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Tim Heitman-USA TODAY Sports

Should 49ers fans be concerned about Brandon Aiyuk returning punts?

Marc Adams
Sep 3, 2021 at 10:41 AM--

The San Francisco 49ers pared down their roster this week, making multiple cuts and moves. There were a few surprises, but for the most part, things went as expected. One question that remains, however, is who will be returning punts?

Most believe second-year wide receiver Brandon Aiyuk would be the most effective punt returner. He did it in college, and has game-breaking ability. But do you really want one of your star wideouts returning punts, and increasing his chances of being injured?

Head coach Kyle Shanahan addressed the topic this week. In an interview with KNBR Radio on Thursday, Shanahan said, "I definitely think Aiyuk can do it and I have no problem putting a starting receiver back there. That's never been a philosophy of mine and it hasn't changed yet. So, I feel we got some guys on our team who can do it."

Should we be concerned about this? Should a starting wide receiver be the main punt returner?

If you look at 49ers history alone, there have been plenty of wide receivers returning punts, though many of them rarely played on offense, or were role players (names like Brandon Williams, Michael Lewis, Kevin Williams, Iheanyi Uwaezuoke and Richie James). There have been some starting wide receivers who returned punts, but most weren't considered star (or key) players at wide receiver (names like Arnaz Battle and Ted Ginn, Jr.).

In 2016, the 49ers used their best wide receiver, Jeremy Kerley, as a punt returner. Kerley returned 21 punts that season. In 2017, Trent Taylor returned 30 punts. And the 49ers used Freddie Solomon in the early 1980s to return punts. Solomon was one of the team's top two receivers, along with some guy named Dwight Clark. Solomon never had more than 30 punt returns in one season, but he did return two punts for touchdowns in 1980.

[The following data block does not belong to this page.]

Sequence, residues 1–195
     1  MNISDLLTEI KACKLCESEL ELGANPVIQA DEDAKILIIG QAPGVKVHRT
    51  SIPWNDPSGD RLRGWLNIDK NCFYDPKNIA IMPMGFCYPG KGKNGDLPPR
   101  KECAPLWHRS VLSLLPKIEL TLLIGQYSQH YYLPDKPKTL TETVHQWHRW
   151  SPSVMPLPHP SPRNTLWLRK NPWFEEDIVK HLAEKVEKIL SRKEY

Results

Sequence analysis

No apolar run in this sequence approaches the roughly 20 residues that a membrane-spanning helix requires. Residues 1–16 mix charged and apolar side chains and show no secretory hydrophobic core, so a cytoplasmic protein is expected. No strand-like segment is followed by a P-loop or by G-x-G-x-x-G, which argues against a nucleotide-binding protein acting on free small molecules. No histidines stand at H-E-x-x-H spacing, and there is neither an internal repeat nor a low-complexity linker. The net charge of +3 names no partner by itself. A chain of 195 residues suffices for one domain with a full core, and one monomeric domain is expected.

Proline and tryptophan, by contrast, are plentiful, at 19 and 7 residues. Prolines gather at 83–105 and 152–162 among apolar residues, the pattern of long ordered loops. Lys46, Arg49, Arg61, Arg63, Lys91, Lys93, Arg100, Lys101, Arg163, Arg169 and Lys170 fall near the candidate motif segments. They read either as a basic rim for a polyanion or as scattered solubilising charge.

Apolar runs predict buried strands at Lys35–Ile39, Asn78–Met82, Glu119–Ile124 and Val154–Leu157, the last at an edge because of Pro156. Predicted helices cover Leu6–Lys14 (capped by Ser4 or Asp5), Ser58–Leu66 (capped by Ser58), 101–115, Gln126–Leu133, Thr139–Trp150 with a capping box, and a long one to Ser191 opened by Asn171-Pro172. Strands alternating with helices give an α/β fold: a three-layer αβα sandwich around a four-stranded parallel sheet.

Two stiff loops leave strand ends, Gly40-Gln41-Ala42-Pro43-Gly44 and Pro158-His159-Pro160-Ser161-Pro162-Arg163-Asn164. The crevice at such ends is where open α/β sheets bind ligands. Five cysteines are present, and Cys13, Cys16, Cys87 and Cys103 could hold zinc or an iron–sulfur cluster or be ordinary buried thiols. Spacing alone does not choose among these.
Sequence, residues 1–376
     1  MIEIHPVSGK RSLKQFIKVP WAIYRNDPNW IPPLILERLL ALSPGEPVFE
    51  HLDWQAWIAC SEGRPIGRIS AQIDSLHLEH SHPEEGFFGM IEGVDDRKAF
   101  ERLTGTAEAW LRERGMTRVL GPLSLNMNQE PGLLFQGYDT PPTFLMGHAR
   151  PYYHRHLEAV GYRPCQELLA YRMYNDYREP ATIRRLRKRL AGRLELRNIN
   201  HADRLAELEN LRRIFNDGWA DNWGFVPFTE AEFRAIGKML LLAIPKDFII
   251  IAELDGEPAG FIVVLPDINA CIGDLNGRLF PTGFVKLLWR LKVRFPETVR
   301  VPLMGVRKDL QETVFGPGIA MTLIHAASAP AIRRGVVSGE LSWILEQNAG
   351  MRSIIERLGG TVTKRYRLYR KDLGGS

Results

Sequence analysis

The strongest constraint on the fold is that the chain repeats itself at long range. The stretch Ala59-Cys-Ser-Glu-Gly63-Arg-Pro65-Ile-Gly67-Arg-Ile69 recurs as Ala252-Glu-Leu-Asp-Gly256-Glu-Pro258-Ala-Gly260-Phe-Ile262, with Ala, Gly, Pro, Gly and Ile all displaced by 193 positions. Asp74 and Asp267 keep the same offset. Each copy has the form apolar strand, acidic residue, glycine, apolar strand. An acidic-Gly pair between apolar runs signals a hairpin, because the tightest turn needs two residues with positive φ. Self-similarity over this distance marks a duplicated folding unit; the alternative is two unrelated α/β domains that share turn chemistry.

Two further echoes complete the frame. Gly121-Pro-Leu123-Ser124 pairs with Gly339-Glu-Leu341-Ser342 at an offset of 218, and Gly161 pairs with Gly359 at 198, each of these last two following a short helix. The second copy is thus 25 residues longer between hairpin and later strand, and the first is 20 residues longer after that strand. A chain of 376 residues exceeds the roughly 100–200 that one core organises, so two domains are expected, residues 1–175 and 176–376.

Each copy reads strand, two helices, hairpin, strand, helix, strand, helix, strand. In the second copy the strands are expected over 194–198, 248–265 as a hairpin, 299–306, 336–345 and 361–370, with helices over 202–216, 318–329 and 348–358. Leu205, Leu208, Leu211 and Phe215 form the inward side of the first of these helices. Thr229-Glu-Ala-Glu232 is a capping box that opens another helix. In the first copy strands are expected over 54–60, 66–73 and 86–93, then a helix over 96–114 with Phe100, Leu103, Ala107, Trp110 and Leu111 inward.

The best example of the 49ers using a starting wide receiver, however, is John Taylor. Taylor was a starting wide receiver and the main punt returner for the 49ers from 1988 to 1991. He returned only one punt as a rookie in 1987, and only 11 punts in his final season in 1995. But from 1988 to 1991, Taylor was the team's top punt returner.

In 1988, Taylor returned 44 punts, two for touchdowns. His average return was 12.6 yards. A year later, he returned 36 punts for 11.6 yards per return. This is one of the ways you measure an effective punt returner. Yes, it's great when he scores or breaks a big return. But when your punt returner can average more than 10 yards per return, that's one fewer first down the offense has to get. And that can have a big impact on a game, and on a season.

Other NFL teams have used starting wide receivers to be the main punt returner. In 2020, the Dallas Cowboys used rookie CeeDee Lamb to return punts. He returned 27 of them, including one kickoff return for a touchdown. The Kansas City Chiefs have been known to use star receiver, Tyreek Hill as a punt returner, though usually on a part-time basis.

For years, the Philadelphia Eagles used DeSean Jackson, and the Pittsburgh Steelers used Antonio Brown to return punts. Even current 49ers wide receivers coach, Wes Welker, returned punts, while being an effective receiver...who was catching a lot of passes over the middle...and wasn't a big guy.

Add to that the fact that there have been teams that used star players from other positions as punt returners. Washington used Darrell Green, its top cornerback. Atlanta used Deion Sanders, its top cornerback. At one point, Dallas used Sanders at corner, wide receiver and punt returner. Think about that!

So there is a history of teams using starting wide receivers, and even star players, without many injuries. Sure, there were returners who got injured. It's part of the game. But coaches must measure the risk versus the potential reward.

Former 49ers tight end Brent Jones went on 95.7 The Game and discussed this topic, among others. He said he had been thinking it would be a good idea to have Aiyuk return punts, until his recent hamstring injury. He suggested maybe they should wait a few weeks until that heals up. I would agree with this. If Aiyuk is already slowed by an injury, it's probably not the time for him to be out there. But when he's ready, I am all for him being back there.

Is it risky? Sure. But using Aiyuk as punt returner immediately gives the 49ers a threat back there that they haven't had since Ginn was in San Francisco. I'm going to trust the coaching staff to make the right call...and not worry too much about it.


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The opinions within this article are those of the writer and, while just as important, are not necessarily those of the site as a whole.

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